Examination of Witness

Part of Trade Bill – in a Public Bill Committee at 12:10 pm on 18th June 2020.

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Sam Lowe:

Yes. In terms of countries that require continuity, Turkey is quite a good example: we currently have supply chains that run out of the UK into Turkey and back. I think particularly the automobile industry has some exposure here. This is a really tricky one, in that we are currently in a customs union with Turkey via our membership of the EU and, unless we are in a customs union with the EU, which is obviously not Government policy, we are going to be unable to replicate that relationship with Turkey. When it comes to the future trade agreement with Turkey, at least on the tariffs level, the most we can expect is for it to match what we have agreed with the EU. That, of course, would be better than not having a trade agreement; but the benefit of being in a customs union is you do not need to worry about rules of origin. So all of a sudden this becomes a slight issue with Turkey, and it is why I put it in my second box earlier, of being a continuity agreement but with big changes.

Of course the other ones that really do, probably, matter are Switzerland and the EEA countries—Norway, Iceland—in that we have quite deep trade relations with them now, as we are part of the single market. That will obviously, again, change quite substantially because of our decisions over our relationship with the EU.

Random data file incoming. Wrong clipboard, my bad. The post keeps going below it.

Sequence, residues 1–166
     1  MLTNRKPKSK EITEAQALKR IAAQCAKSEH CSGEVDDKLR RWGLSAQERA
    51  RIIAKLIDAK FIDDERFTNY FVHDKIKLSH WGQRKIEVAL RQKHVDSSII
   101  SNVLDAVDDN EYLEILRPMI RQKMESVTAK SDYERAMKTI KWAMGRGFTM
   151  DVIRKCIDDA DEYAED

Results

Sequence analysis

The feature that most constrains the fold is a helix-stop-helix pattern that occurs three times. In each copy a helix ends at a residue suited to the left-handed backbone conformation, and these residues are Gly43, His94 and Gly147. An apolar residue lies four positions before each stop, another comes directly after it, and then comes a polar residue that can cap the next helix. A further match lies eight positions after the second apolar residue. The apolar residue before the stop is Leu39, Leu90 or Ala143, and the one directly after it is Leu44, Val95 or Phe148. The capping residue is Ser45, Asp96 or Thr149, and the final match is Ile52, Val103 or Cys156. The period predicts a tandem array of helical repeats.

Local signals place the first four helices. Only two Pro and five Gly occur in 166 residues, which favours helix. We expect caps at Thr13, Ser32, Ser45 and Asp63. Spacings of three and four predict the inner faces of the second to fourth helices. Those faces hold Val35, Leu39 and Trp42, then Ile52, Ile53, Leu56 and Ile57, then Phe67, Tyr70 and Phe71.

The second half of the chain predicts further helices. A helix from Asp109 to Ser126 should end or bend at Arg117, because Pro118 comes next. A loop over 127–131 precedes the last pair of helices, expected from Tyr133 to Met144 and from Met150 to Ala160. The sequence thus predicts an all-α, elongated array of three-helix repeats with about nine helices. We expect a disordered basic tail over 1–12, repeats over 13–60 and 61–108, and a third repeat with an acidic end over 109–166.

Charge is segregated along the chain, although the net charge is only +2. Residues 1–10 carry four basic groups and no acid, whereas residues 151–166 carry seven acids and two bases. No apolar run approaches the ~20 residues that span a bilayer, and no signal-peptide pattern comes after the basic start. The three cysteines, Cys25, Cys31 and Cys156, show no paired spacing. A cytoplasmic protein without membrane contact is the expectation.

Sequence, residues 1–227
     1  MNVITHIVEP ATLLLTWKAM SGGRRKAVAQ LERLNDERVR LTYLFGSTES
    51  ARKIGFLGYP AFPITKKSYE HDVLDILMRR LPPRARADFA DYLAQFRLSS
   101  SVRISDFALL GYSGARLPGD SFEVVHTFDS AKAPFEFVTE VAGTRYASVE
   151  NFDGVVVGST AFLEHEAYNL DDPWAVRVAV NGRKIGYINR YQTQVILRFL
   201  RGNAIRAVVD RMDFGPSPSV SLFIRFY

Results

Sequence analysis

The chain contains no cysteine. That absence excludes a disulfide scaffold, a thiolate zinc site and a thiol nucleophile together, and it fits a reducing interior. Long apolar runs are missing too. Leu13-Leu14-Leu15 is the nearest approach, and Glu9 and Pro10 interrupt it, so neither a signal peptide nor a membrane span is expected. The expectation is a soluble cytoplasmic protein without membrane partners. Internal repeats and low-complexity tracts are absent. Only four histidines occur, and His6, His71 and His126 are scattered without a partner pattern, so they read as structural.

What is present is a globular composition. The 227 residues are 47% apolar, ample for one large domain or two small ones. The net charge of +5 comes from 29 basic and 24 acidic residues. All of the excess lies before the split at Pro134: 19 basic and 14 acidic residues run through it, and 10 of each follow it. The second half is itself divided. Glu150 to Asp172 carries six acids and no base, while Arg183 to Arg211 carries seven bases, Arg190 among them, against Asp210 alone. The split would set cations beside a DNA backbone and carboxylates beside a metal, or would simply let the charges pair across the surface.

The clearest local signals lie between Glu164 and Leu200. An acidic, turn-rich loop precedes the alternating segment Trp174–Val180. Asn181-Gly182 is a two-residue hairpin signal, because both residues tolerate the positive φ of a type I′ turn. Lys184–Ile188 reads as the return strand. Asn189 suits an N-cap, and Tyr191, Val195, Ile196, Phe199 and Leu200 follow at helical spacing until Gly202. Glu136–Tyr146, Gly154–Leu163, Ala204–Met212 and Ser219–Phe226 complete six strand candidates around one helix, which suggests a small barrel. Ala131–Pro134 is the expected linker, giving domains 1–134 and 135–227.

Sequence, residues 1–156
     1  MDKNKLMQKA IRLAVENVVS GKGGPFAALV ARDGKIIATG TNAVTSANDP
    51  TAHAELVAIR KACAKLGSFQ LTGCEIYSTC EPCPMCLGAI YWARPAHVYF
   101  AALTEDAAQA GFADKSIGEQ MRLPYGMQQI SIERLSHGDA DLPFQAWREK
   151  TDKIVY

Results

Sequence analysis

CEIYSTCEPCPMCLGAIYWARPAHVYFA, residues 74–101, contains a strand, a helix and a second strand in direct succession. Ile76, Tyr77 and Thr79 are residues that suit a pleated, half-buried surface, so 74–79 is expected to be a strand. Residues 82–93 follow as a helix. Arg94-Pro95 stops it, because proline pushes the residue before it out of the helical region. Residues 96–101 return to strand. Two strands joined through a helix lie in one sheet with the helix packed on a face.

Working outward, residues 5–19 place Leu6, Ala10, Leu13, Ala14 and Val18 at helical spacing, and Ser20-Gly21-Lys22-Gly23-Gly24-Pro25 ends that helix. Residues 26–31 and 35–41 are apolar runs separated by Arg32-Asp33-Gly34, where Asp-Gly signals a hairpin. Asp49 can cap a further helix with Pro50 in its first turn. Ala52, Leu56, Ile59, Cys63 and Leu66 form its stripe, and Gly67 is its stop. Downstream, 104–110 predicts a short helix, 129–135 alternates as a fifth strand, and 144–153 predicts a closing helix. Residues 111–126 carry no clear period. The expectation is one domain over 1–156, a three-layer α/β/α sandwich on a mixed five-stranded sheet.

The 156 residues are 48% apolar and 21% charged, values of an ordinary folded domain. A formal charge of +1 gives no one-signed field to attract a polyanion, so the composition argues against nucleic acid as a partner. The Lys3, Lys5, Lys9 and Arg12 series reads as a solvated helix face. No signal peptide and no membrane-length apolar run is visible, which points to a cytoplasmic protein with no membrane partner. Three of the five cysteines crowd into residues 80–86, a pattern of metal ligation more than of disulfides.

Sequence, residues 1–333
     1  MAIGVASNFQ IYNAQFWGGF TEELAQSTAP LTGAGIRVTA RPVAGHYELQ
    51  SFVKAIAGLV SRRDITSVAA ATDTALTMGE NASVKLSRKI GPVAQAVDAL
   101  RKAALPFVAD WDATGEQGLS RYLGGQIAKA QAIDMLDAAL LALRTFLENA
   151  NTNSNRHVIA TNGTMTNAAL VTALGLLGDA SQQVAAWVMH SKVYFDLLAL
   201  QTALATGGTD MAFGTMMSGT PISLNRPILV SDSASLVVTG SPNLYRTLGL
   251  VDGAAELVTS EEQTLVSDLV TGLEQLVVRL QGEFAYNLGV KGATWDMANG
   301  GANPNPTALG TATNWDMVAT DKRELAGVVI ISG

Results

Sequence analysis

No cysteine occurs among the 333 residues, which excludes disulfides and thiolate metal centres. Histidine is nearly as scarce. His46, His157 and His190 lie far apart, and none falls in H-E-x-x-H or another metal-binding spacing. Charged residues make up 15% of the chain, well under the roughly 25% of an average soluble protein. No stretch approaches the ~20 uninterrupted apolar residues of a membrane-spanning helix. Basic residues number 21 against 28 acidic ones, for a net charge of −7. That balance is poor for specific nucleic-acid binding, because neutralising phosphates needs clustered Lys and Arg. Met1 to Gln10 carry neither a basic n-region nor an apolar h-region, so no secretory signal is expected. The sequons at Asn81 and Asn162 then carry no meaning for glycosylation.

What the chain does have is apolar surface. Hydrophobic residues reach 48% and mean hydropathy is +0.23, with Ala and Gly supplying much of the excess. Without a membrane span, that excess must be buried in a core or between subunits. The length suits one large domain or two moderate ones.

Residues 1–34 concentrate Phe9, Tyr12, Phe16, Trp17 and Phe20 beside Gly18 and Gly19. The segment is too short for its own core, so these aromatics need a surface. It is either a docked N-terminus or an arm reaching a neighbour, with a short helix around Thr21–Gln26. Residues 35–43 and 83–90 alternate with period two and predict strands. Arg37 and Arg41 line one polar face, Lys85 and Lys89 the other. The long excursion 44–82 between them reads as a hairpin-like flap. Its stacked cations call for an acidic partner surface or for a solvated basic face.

Another country that does matter, and I believe it has been resolved—I do not want to say certainly, because I do not have a list up in front of me—is South Africa, in that we actually have automobile supply chains that run through South Africa. There we have a different problem, in that it does not achieve the same for the companies as now; we currently export products to South Africa—inputs to South Africa under the EU-South Africa agreement— that are put into, say, a car there and then sold back into the EU under the preferences of the agreement, because the UK-based inputs can qualify as local to South Africa under something called bilateral cumulation. That will cease to exist under the new agreement.

The point I would make is that all the agreements are going to change. I have just, in my head, got three different categories.